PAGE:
Finance Globe

U.S. financial and economic topics from several finance writers.
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GM Announces Aggressive Plan to Avoid Bankruptcy

Struggling auto giant General Motors announced a plan on Monday to exchange 225 shares of common stock for every $1000 of outstanding notes in an effort to reduce its debt costs - "a vital component of GM's overall restructuring plan to achieve and sustain long-term viability," as stated by the company. In addition to the exchange, GM will also pay, in cash, any accrued interest on the outstanding notes.

The exchange will commence only if 90% of bondholders agree to the terms. The company expects to file for bankrupcty protection if it cannot enough participation by June 1, 2009.

General Motors also announced today its revised plan to focus on four core brands in the U.S. - Chevrolet, Cadillac, Buick, and GMC. The Pontiac line will be phased out by the end of 2010 and the Saab, Saturn, and Hummer brands are to be sold or phased out by the end of 2009 at the latest.

Under pressure from President Obama to restructure more aggressively to return to profitability, the automaker will reduce the number of dealerships, plants, and jobs further and faster than outlined in their February 17 plan submitted to the Treasury.

The 99-year old auto company plans to cut an additional 500 dealerships in the revised plan, cutting the total number of U.S. dealerships by 42%.

The new plan expects labor costs to be trimmed from $7.6 billion in 2008 to $5 billion in 2010 for a 34% savings. To accomplish this, hourly employment will be cut from 61,000 in 2008 to 40,000 in 2009 - 7,000 to 8,000 more than the earlier plan. GM expects the job cuts to level off at 38,000 in 2010.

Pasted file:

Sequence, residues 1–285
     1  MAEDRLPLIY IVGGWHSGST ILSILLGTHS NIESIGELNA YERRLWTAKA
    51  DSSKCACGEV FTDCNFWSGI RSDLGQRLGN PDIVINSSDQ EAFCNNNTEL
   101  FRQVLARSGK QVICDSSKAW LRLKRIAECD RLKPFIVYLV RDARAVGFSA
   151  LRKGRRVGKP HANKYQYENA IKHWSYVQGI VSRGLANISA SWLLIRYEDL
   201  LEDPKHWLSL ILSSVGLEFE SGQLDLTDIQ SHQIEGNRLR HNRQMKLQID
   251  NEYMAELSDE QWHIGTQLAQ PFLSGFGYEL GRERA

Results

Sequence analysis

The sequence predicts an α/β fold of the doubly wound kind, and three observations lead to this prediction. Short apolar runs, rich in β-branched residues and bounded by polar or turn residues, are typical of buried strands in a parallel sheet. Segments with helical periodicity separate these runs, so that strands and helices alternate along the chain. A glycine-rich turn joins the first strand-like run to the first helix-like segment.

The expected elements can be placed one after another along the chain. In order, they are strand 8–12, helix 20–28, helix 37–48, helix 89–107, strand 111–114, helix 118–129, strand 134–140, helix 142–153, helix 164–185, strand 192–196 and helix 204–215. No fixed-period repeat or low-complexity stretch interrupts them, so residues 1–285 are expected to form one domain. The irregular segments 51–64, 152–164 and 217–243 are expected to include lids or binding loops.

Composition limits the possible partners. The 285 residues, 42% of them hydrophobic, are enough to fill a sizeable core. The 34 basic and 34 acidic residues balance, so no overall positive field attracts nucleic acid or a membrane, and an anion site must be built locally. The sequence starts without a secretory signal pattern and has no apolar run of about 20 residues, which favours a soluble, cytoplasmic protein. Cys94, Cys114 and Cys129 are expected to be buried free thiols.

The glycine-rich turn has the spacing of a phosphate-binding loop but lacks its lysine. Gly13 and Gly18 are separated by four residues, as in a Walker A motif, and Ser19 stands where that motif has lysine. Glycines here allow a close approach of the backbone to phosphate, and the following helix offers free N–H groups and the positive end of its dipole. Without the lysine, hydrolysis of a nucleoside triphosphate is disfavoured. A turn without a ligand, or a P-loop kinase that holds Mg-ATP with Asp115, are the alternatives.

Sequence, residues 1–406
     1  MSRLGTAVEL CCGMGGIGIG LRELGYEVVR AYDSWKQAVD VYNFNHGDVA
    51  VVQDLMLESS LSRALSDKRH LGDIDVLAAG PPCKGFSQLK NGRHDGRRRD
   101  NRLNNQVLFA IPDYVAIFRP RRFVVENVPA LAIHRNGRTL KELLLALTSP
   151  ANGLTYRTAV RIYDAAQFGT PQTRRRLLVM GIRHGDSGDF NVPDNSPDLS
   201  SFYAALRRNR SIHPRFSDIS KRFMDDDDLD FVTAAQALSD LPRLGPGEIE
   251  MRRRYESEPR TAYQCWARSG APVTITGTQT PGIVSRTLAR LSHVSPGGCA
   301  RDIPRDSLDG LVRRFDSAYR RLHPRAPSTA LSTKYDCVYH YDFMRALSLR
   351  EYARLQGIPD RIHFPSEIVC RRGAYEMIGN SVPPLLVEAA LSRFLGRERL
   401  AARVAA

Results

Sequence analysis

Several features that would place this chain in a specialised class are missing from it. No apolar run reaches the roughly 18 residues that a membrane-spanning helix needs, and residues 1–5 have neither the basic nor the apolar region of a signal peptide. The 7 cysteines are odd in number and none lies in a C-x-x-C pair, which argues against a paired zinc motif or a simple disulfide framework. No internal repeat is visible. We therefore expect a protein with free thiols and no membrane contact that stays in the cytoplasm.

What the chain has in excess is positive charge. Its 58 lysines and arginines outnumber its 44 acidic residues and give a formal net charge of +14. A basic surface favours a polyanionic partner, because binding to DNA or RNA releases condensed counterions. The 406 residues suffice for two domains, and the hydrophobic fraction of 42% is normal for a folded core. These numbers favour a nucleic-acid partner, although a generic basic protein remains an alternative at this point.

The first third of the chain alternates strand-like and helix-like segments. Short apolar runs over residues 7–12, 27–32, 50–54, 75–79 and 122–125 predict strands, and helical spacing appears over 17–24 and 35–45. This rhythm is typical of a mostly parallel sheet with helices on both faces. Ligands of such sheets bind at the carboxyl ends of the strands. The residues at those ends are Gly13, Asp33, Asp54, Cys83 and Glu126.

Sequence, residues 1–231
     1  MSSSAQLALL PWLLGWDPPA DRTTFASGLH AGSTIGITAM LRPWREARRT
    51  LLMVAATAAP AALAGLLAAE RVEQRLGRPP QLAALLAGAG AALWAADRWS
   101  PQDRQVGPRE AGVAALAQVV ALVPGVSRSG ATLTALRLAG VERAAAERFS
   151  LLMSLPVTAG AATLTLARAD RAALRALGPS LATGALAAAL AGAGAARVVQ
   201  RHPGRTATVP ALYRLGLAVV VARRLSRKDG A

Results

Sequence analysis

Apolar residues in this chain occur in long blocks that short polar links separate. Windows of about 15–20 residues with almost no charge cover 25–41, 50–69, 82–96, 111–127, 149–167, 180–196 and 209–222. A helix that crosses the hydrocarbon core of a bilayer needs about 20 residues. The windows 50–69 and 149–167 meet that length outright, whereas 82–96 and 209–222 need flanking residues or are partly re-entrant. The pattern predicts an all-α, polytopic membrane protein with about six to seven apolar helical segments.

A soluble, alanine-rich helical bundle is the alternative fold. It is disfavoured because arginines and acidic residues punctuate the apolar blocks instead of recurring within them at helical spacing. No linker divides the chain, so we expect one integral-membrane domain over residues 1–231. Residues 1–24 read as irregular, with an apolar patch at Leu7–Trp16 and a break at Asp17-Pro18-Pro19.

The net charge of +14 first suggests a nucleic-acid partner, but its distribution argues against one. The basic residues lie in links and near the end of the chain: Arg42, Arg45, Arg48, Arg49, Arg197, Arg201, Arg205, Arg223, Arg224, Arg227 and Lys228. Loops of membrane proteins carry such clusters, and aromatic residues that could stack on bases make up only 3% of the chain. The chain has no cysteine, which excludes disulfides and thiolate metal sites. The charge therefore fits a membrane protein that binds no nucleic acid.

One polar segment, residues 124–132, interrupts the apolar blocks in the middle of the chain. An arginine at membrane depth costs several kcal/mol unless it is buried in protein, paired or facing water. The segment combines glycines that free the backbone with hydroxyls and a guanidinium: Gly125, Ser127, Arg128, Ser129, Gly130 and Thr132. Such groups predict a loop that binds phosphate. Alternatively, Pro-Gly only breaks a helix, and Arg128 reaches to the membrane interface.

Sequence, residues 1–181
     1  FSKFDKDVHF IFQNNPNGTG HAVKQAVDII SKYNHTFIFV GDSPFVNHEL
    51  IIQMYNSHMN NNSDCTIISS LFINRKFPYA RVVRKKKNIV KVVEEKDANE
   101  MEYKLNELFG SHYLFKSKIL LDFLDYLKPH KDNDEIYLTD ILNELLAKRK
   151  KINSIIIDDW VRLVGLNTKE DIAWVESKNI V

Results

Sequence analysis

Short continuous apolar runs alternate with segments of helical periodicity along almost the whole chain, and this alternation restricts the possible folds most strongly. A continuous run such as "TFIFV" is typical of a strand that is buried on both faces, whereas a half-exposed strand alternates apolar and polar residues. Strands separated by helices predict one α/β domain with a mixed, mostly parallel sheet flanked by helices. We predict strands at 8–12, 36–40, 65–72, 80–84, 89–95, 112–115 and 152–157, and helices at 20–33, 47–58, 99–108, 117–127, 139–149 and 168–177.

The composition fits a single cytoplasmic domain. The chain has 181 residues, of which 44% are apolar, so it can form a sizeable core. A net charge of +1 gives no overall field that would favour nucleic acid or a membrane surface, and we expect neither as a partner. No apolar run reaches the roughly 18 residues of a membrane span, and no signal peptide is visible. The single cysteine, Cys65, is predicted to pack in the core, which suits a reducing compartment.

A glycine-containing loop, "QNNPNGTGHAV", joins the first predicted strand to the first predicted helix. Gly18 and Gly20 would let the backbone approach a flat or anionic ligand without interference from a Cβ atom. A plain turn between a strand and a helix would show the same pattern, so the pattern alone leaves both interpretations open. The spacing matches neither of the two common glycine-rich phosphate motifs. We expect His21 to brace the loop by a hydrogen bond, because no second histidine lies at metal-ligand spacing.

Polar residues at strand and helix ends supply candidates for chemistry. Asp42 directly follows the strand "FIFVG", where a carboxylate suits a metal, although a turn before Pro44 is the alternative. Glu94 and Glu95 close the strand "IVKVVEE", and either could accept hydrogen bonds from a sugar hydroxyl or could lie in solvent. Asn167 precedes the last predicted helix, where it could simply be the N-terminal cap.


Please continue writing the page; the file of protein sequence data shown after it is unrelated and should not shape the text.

The company expects these moves to reduce structural costs by 25%, from $30.8 billion in 2008 to $23.2 billion in 2010. This will allow GM to break even on a U.S. volume of 10 million automobiles. (From 1995 to 2007, the annual sales rates were around 15 to 17 million.)

The automaker also anticipates a reduction in salaried and executive employees as it continues to assess and restructure to become profitable.

"We are taking tough but necessary actions that are critical to GM's long-term viability," said Fritz Henderson, GM president and CEO. "Our responsibility is clear - to secure GM's future - and we intend to succeed. At the same time, we also understand the impact these actions will have on our employees, dealers, unions, suppliers, shareholders, bondholders, and communities, and we will do whatever we can to mitigate the effects on the extended GM team."

GM shares rose about 20% upon the announcement and were $2.05 as of the writing of this article.

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Monday, 22 April 2024

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